In July 2016, I picked up a book my mother had gifted me years prior for Christmas. I shelved the book with the intention of reading it later. Later turned to forgotten. But seeing it after camp, a spiritually revitalizing summer experience, I decided to read it. Two days later, book complete, my eyes were refocused on Jesus. I had a newfound desire for something I had always thought would just be a struggle.
I continually longed for a personal relationship with God, but could never figure out how to attain it. My parents encouraged me to keep a prayer journal but I could never seem to write more than three consecutive entries before getting "too busy."
My pastor spoke about how life-changing the Bible is, but I always found my eyes drooping and head nodding when I tried to read during my early devotional time.
How could this personal predicament be solved?
Jesus should be enough motivation, but there was a disconnect between my heart and head. My heart wanted Jesus; my head just didn't understand how to make that happen.
Then I read “Rachel's Tears.” Not only did my heart change, but my head screamed YES!
Written by Darrell Scott and Beth Nimmo, the book begins by describing the tragic story of the young people involved in the Columbine shooting. The key to this book is the highlighted parent experience: the loss of a precious daughter, Rachel Joy.
They describe their own pain in coming to the realization that she was truly gone.
Though Rachel’s parents are amazing to share their vulnerabilities, what makes the book so touching is the real relationship Rachel experienced with her best friend, Jesus. In the time after the tragic incident at Columbine, Scott and Nimmo began reading Rachel's writings, which included anything from loose pages, poems, and tributes in her journals where she kept her most intimate thoughts and prayers.
Though both her parents knew Rachel had a strong relationship with God, they didn't realize the extent. Her fearful respect of her Savior, thoughtful longing and transparent vulnerability with Jesus is what helped her to "walk the talk."
She wrote letters to Him and deeply longed for understanding. She relished the time she spent with Him. Rachel wasn't perfect. She was aware of her flaws and voiced them to her Savior. She lived an intentional life and knew that Earth was not her final stop. Her parents commented, "Rachel... used to talk about how [she] wanted to live as the apostle Paul did—on the edge with total dependence on God" (pg 135).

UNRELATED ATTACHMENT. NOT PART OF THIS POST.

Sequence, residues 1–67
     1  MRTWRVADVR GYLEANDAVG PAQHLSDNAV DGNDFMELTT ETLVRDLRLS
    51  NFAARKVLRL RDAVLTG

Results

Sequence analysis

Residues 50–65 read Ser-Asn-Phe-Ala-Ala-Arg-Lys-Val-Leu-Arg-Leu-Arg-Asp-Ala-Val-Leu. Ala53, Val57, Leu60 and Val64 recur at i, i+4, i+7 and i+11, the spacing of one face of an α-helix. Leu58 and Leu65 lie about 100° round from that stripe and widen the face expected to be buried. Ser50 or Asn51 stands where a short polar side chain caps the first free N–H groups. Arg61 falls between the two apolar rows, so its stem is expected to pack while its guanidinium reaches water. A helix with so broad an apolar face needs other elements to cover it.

Her relationship with God, the light she showed to everyone she came in contact with and her unconditional love for people facilitated a return of joy and peace felt in her presence.
After her passing, her brother Craig shared, "A characteristic I remember about Rachel was that her love for people was less conditional than anyone I knew of her age or in the school. It didn't matter what you looked like or who your friends were. Another thing I liked and respected so much was that she made it clear for herself and other what her beliefs were" (pg 136).
Rachel knew where she was going and was secure in her decision to follow Christ. In a journal entry she wrote, "I know that I have to reach beyond this world for true safety and security because I won't be getting what I need here. True security lies in heaven, where things can't be touched by evil and can't be destroyed" (pg 134).
She walked, talked and lived her relationship with Jesus. Her personal connection with Him enabled her to share His love with anyone because she possessed it!
Now, months after reading her precious love story with her Savior, I hope to start possessing this same passion and fire for my Savior. Her example of Jesus led me to seek Him out more fully and I hope it can lead you to the same.
Kasondra Reel is a junior guest writer studying nursing.